routeLoader$()

Route Loaders load data in the server so it becomes available to use inside Qwik Components. They behave like RPC server-side functions that can be invoked by Qwik Components during rendering.

Route Loaders can only be declared inside the src/routes folder, in a layout.tsx or index.tsx file, and they MUST be exported.

src/routes/product/[productId]/index.tsx
import { component$ } from '@builder.io/qwik';
import { routeLoader$ } from '@builder.io/qwik-city';
 
export const useProductDetails = routeLoader$(async (requestEvent) => {
  // This code runs only on the server, after every navigation
  const res = await fetch(`https://.../products/${requestEvent.params.productId}`);
  const product = await res.json();
  return product as Product;
});
 
export default component$(() => {
  // In order to access the `routeLoader$` data within a Qwik Component, you need to call the hook.
  const signal = useProductDetails(); // Readonly<Signal<Product>>
  return <p>Product name: {signal.value.product.name}</p>;
});

Route Loaders are perfect to fetch data from a database or an API. For example you can use them to fetch data from a CMS, a weather API, or a list of users from your database.

You should not use a routeLoader$ to create a REST API, for that you’d be better off using an Endpoint, which allows you to have tight control over the response headers and body.

Multiple routeLoader$s

Multiple routeLoader$s are allowed across the whole application, and they can be used in any Qwik Component. You can even declare multiple routeLoader$s in the same file.

src/routes/layout.tsx
import { component$ } from '@builder.io/qwik';
import { routeLoader$ } from '@builder.io/qwik-city';
import { Footer } from '../components/footer.tsx';
 
export const useProductData = routeLoader$(async () => {
  const res = await fetch('https://.../product');
  const product = (await res.json()) as Product;
  return product;
});
 
export default component$(() => {
  const signal = useProductData();
  return (
    <main>
      <Slot />
      <Footer />
    </main>
  );
});
src/components/footer.tsx
import { component$ } from '@builder.io/qwik';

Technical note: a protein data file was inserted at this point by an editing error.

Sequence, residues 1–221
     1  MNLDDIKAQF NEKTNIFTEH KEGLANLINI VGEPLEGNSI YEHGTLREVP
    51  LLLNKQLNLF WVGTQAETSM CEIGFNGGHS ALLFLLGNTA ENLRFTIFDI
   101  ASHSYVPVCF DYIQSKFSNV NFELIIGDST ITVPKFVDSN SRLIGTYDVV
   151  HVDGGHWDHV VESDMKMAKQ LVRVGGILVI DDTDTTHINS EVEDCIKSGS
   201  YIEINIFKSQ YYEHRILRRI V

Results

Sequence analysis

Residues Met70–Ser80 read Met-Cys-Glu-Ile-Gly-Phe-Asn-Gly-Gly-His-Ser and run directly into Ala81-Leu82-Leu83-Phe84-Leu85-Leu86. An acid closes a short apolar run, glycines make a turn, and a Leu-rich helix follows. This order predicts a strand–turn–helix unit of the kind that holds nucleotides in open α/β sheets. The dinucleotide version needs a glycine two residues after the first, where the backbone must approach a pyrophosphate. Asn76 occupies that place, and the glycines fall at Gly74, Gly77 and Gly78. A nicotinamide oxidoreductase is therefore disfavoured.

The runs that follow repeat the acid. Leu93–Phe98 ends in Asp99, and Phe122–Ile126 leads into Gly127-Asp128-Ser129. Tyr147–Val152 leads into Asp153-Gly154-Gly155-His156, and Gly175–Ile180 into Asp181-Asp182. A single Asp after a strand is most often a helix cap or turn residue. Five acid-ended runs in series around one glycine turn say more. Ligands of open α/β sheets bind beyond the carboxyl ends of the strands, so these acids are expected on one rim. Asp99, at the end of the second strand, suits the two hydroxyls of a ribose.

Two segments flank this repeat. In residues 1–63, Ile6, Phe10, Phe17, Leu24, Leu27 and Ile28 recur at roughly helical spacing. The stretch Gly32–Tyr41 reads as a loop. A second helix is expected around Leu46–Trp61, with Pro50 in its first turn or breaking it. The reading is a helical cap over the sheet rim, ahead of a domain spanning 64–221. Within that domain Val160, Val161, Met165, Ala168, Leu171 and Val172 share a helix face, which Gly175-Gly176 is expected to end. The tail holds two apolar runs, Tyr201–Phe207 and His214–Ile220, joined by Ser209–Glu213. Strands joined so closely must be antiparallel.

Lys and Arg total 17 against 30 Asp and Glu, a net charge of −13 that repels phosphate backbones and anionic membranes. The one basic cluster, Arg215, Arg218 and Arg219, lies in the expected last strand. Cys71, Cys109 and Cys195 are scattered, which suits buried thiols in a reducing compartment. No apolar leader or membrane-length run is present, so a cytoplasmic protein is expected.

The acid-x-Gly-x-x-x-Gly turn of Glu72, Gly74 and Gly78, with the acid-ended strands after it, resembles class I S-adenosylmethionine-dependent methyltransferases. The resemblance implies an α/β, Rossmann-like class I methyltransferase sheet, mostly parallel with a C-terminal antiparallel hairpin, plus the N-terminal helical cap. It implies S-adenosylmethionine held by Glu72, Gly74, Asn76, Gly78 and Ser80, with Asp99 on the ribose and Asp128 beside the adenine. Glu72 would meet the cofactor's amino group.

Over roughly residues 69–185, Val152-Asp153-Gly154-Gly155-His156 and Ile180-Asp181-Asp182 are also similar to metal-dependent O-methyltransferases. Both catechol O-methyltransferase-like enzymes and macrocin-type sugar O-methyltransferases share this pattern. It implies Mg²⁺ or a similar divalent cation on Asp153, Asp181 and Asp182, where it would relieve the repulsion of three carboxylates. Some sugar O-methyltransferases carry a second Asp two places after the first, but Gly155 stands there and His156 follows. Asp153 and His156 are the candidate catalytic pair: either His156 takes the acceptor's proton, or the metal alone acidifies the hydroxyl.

// Import the loader from the layout
import { useProductData } from '../routes/layout.tsx';
 
export const Footer = component$(() => {
  // Consume the loader data
  const signal = useProductData();
  return <footer>Product name: {signal.value.product.name}</footer>;
});

The above example shows using useProductData() in two different components across different files. This is intentional behavior.

src/routes/admin/index.tsx
import { component$ } from '@builder.io/qwik';
import { routeLoader$ } from '@builder.io/qwik-city';
 
export const useLoginStatus = routeLoader$(async ({ cookie }) => {
  return {
    isUserLoggedIn: checkCookie(cookie),
  };
});
 
export const useCurrentUser = routeLoader$(async ({ cookie }) => {
  return {
    user: currentUserFromCookie(cookie),
  };
});
 
export default component$(() => {
  const loginStatus = useLoginStatus();
  const currentUser = useCurrentUser();
  return (
    <section>
      <h1>Admin</h1>
      {loginStatus.value.isUserLoggedIn ? (
        <p>Welcome {currentUser.value.user.name}</p>
      ) : (
        <p>You are not logged in</p>
      )}
    </section>
  );
});

The above example shows two routeLoader$s being used in the same file. A generic useLoginStatus loader is used to check if the user is logged in, and a more specific useCurrentUser loader is used to retrieve the user data.

RequestEvent

Just like request handlers such as onRequest and onGet, routeLoader$s have access to the RequestEvent object which includes information about the current HTTP request and response.